Why the Human Factor Matters for Technology and Development

 

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In April, I was invited to speak on a panel for the Digital Technologies and Development event at Columbia SIPA. Below is an edited version of my remarks. 

Since this panel is on “making digital technologies work for people and businesses,” I want to briefly discuss why we need to keep the human factor in mind when we think about making digital technologies work for everyone. To do this, I’ll share three examples focused on human-centered design in technology and civic innovation.

The first example is about education technology. When I was working in Hyderabad, India, I saw too many schools with unused computers and smartboards. Despite their best intentions, donors and businesses were trying to enter the low-income school market with technologies that were wholly inappropriate for the context. Keep in mind, these are schools with no internet, power outages for the majority of the day, low technology literacy, untrained teachers, and gender gaps. But the big and small companies that I saw trying to improve education through technology didn’t think about these factors before entering the market, and they failed.

That’s why we wrote a 60-page report describing the context and daily life at low-income schools in India, and provided stakeholder descriptions of students, teachers, and parents, and their perceptions of technology. With this report, ed-tech start-ups could design their products with and for their users for maximum success and sustainability of their solution. This work mattered because businesses and governments really need to think about the users and context they’re designing for.

This leads to my second example, about a number of teams in government that are embracing the human-centered design approach to improve government platforms, from the Federal government’s 18f, OPM Lab, and Department of Veteran Affairs, to Bloomberg’s iTeams deployed to cities, to innovation teams in Mayoral offices. They are unique–and currently the exception in government, not the rule–because they’re making a concerted effort to think about the user experience from start to finish in civic engagement:

  • The iTeam in New Orleans used design to improve the zoning application process.
  • The Lab@OPM has been working for over a year on redesigning USAJobs.gov to reinvent and improve the way everyone applies for Federal jobs.
  • Boston uses text messaging as part of their participatory budgeting process, to meet their voters where they’re most comfortable (on their phones), and has also developed an app called Citizens Connect to track and solve citizen public works requests.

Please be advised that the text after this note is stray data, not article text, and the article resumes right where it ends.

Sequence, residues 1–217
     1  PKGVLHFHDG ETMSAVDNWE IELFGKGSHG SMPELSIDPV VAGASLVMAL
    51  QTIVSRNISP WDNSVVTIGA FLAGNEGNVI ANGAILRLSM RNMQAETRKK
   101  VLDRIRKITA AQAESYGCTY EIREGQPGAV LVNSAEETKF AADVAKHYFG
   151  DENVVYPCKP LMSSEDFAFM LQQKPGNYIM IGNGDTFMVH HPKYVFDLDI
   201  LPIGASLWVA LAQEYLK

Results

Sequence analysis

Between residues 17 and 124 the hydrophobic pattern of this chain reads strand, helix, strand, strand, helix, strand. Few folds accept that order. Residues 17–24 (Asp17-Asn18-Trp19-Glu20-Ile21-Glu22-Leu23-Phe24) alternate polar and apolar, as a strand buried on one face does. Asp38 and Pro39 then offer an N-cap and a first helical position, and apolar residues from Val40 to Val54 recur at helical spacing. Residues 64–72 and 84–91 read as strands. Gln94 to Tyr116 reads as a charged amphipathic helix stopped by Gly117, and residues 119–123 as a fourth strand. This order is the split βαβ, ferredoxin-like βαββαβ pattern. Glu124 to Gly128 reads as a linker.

By keeping the citizen experience in mind, government can improve citizen confidence, which is currently at an all time low. That’s because our country hasn’t invested in or changed the ways we engage with democracy; we’re interacting with 20th century institutions in the 21st century. By understanding how citizens interact with technology, and designing solutions with them in mind, government can make a lot of frustrating and complicated civic engagements–like the DMV, jury duty, and voting–a more joyful experience for all.

None of this is possible if we don’t integrate this human focus into technology careers in the public and private sector, which is my third point. This is where the SIPA degree becomes integral. Alec Ross, a former SIPA Fellow and innovation advisor at the State Department, notes that humans aren’t as easy to upgrade as software, but to compete in this new economy fueled by technology and globalization, we have a lot of upgrading to do. That includes fostering interdisciplinary leaders. There’s a greater emphasis on machine-learning and algorithms in our work, but we also risk bias and unintended consequences when there is a lack of human oversight in our technology ventures.

The most obvious recent example of this is the incident with Microsoft’s artificial intelligence Twitter account, Tay, that quickly became racist and misogynist, and even a Trump and Hitler supporter. To maintain a human-centered focus, engineers can’t work in isolation, but instead in collaboration with psychologists, sociologists, and political economists to understand the broader societal implications of their work. This also means we need to emphasize more diversity in technology, both with women and minorities. Microsoft didn’t create the chatbot with filters, but I imagine that if their team was more diverse, they could’ve avoided this embarrassing situation entirely.

Kentaro Toyama, a Professor at University of Michigan, says that, “technology is an amplifier of human intent.” It needs be created by, with, and for humans who understand the socio-economic context they are developing solutions for. When public-private partnerships take on this work, they have to ensure that they are incorporating an interdisciplinary approach that ultimately considers human needs, and not just the partnership’s end goals.

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